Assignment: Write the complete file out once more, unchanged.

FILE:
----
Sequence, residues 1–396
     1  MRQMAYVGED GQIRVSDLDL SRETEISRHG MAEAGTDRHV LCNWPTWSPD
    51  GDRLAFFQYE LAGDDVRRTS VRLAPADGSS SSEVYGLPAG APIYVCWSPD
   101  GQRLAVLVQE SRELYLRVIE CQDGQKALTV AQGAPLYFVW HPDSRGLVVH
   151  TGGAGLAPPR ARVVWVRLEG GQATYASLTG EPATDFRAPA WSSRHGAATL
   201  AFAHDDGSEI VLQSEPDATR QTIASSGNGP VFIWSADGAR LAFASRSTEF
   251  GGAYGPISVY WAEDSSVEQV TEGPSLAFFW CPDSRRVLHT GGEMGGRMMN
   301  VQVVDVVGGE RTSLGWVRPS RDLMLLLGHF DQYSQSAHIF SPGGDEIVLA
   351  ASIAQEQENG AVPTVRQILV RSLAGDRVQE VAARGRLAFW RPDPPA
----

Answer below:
Sequence, residues 1–396
     1  MRQMAYVGED GQIRVSDLDL SRETEISRHG MAEAGTDRHV LCNWPTWSPD
    51  GDRLAFFQYE LAGDDVRRTS VRLAPADGSS SSEVYGLPAG APIYVCWSPD
   101  GQRLAVLVQE SRELYLRVIE CQDGQKALTV AQGAPLYFVW HPDSRGLVVH
   151  TGGAGLAPPR ARVVWVRLEG GQATYASLTG EPATDFRAPA WSSRHGAATL
   201  AFAHDDGSEI VLQSEPDATR QTIASSGNGP VFIWSADGAR LAFASRSTEF
   251  GGAYGPISVY WAEDSSVEQV TEGPSLAFFW CPDSRRVLHT GGEMGGRMMN
   301  VQVVDVVGGE RTSLGWVRPS RDLMLLLGHF DQYSQSAHIF SPGGDEIVLA
   351  ASIAQEQENG AVPTVRQILV RSLAGDRVQE VAARGRLAFW RPDPPA